Chapter 1

Introduction and background

Purpose of the bills

1.1        The focus of this inquiry by the Community Affairs Legislation Committee (committee) is to review the provisions of two bills introduced in the House of Representatives which together establish a National Redress Scheme for Survivors of Institutional Child Sexual Abuse (National Redress Scheme, the Scheme).[1]

1.2        The Scheme proposed by the bills will provide eligible survivors of institutional child sexual abuse (survivors) with three elements of redress:

1.3        The two bills under review are the National Redress Scheme for Institutional Child Sexual Abuse Bill 2018 (National Redress Bill) and the National Redress Scheme for Institutional Child Sexual Abuse (Consequential Amendments) Bill 2018 (National Consequential Bill).

1.4        The introduction of these bills into the House of Representatives was triggered by the introduction of bills into the New South Wales (NSW) and Victorian Parliaments which will refer powers from each state for the purposes of
section 51 (xxxvii) of the Australian Constitution (Constitution) and allow the Commonwealth to make laws about matters relating to redress for institutional child sexual abuse.[3]

Previous inquiry and the Commonwealth Redress Scheme bills

1.5        The Royal Commission into Institutional Child Sexual Abuse (Royal Commission) was established in January 2013 in response to allegations of the sexual abuse of children in institutional settings in Australia. The Royal Commission released its Redress and Civil Litigation Report in September 2015[4] which formed the basis of the recommendations made in its December 2017 Final Report (Royal Commission Report).[5] The Royal Commission Report contained 409 recommendations, of which 84 related to the establishment of a redress scheme.

1.6        As the Commonwealth did not have the power to legislate a national scheme without one or more states first referring constitutional powers, a Commonwealth Redress Scheme for Survivors of Institutional Child Sexual Abuse (Commonwealth Redress Scheme), to commence on 1 July 2018, was initially proposed as a 'first step' towards a single National Redress Scheme.[6]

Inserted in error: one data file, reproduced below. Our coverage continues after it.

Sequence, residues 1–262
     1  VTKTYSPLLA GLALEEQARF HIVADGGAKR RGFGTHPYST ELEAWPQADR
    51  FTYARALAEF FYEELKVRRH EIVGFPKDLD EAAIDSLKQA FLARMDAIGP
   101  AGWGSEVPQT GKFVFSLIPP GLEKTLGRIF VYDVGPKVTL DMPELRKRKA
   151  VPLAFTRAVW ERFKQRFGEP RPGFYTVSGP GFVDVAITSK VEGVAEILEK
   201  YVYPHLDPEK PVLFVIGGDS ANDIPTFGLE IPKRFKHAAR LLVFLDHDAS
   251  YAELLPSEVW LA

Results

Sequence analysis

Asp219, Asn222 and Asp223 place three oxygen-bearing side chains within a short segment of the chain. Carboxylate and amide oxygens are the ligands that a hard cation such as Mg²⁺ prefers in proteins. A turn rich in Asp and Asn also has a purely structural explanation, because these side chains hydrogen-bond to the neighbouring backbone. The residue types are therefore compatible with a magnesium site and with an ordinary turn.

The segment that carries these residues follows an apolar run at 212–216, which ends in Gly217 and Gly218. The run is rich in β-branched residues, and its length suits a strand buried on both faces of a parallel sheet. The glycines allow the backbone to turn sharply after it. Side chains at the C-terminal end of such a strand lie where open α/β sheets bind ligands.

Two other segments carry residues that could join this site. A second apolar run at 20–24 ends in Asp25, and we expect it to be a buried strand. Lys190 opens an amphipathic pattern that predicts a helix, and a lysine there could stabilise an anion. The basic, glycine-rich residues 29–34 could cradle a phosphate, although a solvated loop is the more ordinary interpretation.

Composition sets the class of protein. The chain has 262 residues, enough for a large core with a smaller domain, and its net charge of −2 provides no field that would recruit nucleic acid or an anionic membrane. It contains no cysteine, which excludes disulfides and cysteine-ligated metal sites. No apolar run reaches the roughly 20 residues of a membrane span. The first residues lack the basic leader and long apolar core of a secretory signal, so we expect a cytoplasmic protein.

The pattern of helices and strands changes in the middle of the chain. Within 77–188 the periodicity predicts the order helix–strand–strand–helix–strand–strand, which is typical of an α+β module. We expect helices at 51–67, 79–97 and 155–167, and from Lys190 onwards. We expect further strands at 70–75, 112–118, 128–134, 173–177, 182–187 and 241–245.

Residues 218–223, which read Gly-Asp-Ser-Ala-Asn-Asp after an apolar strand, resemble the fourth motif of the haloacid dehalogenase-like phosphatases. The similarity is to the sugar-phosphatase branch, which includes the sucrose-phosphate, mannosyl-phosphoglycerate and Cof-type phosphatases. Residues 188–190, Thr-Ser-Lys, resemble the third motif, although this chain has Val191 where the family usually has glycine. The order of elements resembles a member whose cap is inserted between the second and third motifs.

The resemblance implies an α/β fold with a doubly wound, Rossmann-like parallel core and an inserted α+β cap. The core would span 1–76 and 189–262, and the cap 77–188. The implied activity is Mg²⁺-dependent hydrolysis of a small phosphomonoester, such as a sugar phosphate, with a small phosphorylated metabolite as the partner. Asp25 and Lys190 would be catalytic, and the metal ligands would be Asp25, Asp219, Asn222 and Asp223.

1.7        Two bills intended to establish the Commonwealth Redress Scheme—the Commonwealth Redress Scheme for Institutional Child Sexual Abuse Bill 2017 (Commonwealth Redress Bill) and the Commonwealth Redress Scheme for Institutional Child Sexual Abuse (Consequential Amendments) Bill 2017 (Commonwealth Consequential Bill)—were introduced into the House of Representatives on 26 October 2017.

1.8        The provisions of those bills for a Commonwealth Redress Scheme were referred to the committee for inquiry and report on 30 November 2017.[7] The committee received over 90 submissions to that inquiry and heard evidence from 32 organisations and 13 individuals. The committee presented its report to the Senate on 28 March 2018, making 11 recommendations. Australian Labor Party Senators made a further ten recommendations, and the Australian Greens one. [8]

1.9        The consolidated submission from Australian Government Departments to the current inquiry states that in developing the National Redress Scheme, the government has agreed to ten of the committee's recommendations and partially agreed one. Furthermore, the government has agreed to four of the recommendations from Australian Labor Party Senators and to the Australian Green's recommendation.[9] The Government's Response to these recommendations has been considered in the committee's assessment of the National Redress Scheme bills in Chapter 2.

1.10      In the previous inquiry, the committee noted that the Commonwealth Redress Bill represented a point in time while detailed discussions proceeded with state and territory governments, non-government institutions and survivor groups. The Department of Social Services (Department) informed the committee that, if a state government agreed to provide a constitutional referral and participate in the Scheme, a new National Redress Bill would be introduced.[10]

States and territories opt-in to a National Redress Scheme

1.11      On 9 March 2018, the governments of NSW and Victoria announced their intentions to join a National Redress Scheme[11] and have since introduced legislation to refer necessary constitutional powers to the Commonwealth in anticipation of a 1 July 2018 commencement.

1.12      The National Redress Scheme for Institutional Child Sexual Abuse (Commonwealth Powers) Bill 2018 (NSW) was introduced into the NSW Legislative Assembly on 1 May 2018 and passed Parliament on 16 May 2018.[12] The National Redress Scheme for Institutional Child Sexual Abuse (Commonwealth Powers) Bill 2018 (Vic) was introduced into the Victorian Legislative Assembly on 8 May 2018 and passed Parliament on 6 June 2018.[13]

1.13      The Queensland Government announced its intention to join the National Redress Scheme on 30 April 2018,[14] but will not introduce legislation in time for a 1 July 2018 commencement. It is therefore anticipated that Queensland will begin its participation in the Scheme in late 2018.[15]

1.14      The Tasmanian Government announced its intention to join the Scheme on 22 May 2018[16] and the South Australian Government on 28 May 2018.[17] Western Australia became the last state to agree to join the Scheme on 13 June 2018.[18] Each of these states will also need to introduce legislation to participate in the Scheme.

1.15      The governments of both the Australian Capital Territory[19] and the Northern Territory[20] have announced their participation in the National Redress Scheme from 1 July 2018. The application of the National Redress Bill in the territories is based on the legislative powers that the Commonwealth Parliament has under section 122 of the Constitution to make laws for a government of a territory and does not require any referral of powers from the territories.[21]

1.16      Any state which has not referred constitutional powers for the National Redress Scheme before the commencement date will have two years from that date to do so and become a participating state.[22]